The Documentary Theory holds that the Pentateuch was composed or compiled from several different documents or traditions written by several different authors. These original documents were argued to favor different styles and names for God, and thus were written by different authors. One document might favor “Elohim,” while another might favor “YHWH.” These sources are generally argued to be source J, E, P, and D. Genesis, however, only shows traces of J, E, and P. Some have even further subdivided the four primary sources. However, this theory fails to adequately explain the origin of the Pentateuch. Religious documents of the ancient Near East were not complied in this way, nor are variations in style and word choice conclusive. Dating the different documents is extremely difficult and far too subjective to prove the Documentary Theory.1
Spinoza questioned mosaic authorship of the Pentateuch and developed what is known as “higher criticism.” This is a form of internal analysis.2 Spinoza argued that the Pentateuch was compiled from several documents, some of which were Mosaic.3 Astruc went a step further and actually singled out two sources, one which preferred the divine name “Elohim,” and the other preferring “YHWH.”4
Davis refuted this theory based on several factors. First, no other Ancient Near Eastern religious document is known to have compiled in this way. Isolating sources based on divine names is an extremely insubstantial practice. Davis points out that the author of Genesis might well have chosen certain divine names over others at certain points because of theological emphasis, rather than due to source documents. Second, it is irrational to argue the Document Theory based on differences on style. As Davis notes, author’s will change their style based on audience and intent. Lastly, the dating of the documents is far from certain. Indeed, it is a subjective and unreliable practice.5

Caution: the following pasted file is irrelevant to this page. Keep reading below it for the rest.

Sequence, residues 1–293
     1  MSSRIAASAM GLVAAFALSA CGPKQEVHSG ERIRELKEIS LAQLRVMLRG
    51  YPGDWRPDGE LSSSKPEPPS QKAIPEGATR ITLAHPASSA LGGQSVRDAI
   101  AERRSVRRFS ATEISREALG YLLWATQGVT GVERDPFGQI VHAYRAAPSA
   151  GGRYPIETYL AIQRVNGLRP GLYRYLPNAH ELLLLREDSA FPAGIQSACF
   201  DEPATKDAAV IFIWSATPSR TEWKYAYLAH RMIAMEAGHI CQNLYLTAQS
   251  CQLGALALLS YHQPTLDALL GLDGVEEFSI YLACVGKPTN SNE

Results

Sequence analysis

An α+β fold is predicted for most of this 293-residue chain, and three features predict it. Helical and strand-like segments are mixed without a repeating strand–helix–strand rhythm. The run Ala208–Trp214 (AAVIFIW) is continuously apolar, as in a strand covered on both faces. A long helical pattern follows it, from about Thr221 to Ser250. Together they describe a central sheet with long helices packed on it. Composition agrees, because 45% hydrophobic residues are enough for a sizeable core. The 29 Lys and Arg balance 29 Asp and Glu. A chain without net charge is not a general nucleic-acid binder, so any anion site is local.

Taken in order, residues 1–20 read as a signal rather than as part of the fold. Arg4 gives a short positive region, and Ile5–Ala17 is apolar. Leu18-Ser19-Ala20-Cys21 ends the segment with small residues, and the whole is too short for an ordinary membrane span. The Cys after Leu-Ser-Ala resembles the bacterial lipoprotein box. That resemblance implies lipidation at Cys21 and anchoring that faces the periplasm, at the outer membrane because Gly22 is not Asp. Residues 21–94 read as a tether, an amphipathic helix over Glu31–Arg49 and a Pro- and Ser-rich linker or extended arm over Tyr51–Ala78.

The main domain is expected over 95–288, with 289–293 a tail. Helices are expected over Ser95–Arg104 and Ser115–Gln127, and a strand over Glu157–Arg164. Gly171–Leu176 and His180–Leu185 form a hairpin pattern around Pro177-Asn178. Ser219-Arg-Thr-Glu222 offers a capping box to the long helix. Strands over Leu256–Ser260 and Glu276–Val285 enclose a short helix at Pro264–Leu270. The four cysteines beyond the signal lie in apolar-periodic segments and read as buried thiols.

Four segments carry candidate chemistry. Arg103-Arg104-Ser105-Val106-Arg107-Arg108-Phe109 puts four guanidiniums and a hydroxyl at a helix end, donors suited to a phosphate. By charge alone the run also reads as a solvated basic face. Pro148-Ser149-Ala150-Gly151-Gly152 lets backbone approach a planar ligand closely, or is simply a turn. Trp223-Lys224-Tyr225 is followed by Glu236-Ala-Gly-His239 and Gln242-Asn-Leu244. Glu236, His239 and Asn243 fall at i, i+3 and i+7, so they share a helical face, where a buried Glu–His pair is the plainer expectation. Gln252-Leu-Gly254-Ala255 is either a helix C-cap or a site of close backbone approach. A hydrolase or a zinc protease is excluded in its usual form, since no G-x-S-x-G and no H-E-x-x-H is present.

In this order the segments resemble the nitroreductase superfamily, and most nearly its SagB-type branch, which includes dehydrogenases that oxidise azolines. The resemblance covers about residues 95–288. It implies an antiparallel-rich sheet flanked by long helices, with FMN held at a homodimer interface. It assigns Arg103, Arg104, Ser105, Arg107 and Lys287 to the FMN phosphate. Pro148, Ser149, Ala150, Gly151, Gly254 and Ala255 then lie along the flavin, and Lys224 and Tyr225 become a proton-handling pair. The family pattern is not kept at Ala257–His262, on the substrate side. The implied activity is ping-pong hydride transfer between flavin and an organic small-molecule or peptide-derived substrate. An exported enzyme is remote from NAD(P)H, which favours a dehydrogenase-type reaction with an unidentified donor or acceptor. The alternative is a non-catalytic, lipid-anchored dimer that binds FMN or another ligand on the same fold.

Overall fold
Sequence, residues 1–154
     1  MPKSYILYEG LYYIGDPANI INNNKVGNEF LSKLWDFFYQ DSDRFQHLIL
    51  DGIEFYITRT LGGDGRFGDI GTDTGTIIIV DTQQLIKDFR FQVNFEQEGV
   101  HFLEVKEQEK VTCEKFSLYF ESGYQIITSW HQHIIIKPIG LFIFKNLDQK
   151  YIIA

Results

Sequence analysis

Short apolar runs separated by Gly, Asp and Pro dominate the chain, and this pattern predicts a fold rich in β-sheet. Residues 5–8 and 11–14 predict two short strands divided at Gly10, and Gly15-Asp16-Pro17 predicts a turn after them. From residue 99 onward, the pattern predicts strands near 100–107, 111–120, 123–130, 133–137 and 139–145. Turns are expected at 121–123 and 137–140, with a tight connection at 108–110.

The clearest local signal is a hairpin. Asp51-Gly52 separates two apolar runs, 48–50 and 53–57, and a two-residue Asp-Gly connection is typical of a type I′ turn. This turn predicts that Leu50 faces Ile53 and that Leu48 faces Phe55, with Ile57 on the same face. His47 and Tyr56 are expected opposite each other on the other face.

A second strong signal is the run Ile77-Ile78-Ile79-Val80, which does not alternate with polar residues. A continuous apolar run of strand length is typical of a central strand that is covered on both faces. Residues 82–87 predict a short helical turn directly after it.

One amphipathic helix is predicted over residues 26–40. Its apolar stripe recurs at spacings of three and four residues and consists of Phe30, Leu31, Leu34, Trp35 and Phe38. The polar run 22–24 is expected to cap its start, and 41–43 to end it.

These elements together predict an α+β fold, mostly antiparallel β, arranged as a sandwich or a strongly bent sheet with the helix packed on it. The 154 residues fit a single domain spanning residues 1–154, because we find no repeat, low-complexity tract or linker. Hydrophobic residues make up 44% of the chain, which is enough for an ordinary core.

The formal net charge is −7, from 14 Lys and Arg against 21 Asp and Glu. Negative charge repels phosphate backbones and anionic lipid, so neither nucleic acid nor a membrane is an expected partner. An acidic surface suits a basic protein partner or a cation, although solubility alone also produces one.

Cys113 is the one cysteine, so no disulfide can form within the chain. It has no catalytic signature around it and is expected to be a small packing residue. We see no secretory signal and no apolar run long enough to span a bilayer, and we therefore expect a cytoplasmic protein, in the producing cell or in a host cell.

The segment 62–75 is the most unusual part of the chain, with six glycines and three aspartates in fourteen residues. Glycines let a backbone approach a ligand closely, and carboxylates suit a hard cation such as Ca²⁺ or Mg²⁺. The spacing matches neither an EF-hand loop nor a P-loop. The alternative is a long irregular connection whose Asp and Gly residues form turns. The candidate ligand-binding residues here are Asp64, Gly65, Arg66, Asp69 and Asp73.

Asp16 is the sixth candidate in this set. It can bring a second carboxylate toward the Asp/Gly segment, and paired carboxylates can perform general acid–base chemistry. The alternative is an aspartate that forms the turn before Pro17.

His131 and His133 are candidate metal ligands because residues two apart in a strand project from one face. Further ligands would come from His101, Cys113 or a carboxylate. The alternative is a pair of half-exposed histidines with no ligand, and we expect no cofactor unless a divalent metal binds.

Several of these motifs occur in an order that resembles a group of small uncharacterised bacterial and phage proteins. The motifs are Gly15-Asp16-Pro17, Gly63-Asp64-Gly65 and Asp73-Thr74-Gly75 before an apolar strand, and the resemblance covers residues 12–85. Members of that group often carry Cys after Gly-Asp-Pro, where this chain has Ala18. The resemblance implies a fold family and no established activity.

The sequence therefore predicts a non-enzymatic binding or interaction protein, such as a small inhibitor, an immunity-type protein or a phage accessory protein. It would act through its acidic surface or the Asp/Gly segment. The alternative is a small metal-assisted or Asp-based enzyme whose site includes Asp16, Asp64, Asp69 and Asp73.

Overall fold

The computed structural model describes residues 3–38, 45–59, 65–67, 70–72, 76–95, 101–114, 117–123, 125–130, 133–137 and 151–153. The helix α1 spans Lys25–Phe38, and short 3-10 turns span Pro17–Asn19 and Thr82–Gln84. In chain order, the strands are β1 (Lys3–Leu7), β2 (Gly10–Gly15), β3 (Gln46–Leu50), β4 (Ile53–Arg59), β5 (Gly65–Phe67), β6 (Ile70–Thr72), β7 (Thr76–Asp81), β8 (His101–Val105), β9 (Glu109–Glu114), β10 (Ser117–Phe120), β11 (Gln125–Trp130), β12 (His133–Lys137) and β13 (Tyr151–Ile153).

There are numerous portions of the New and Old Testament which ascribe authorship to Moses. Exodus 17:14 describes the Lord commanding Moses to record certain things on a scroll. Similarly in Exodus 24:4 we find Moses writing down everything the Lord had said. However, even Old Testament books outside of the Pentateuch, such as Joshua, speak of Mosaic authorship. In the New Testament, our Lord reaffirms Mosaic authorship in Mark 12:26, and John 5:46, and various other places within the Gospels. If Jesus stated that Moses was the author of the Pentateuch, then either He was mistaken, merely repeating a common misconception, or He was entirely accurate. If the Lord repeated a misconception, if He could fall victim to such inaccuracies, it would be impossible to tell which of His statements were true and which were false. It is furthermore impossible for the all-knowing Lord to be fooled by a common inaccuracy. Thus the words of Jesus were clear affirming Mosaic authorship. Moreover, Mosaic authorship was held by early Jews and early church...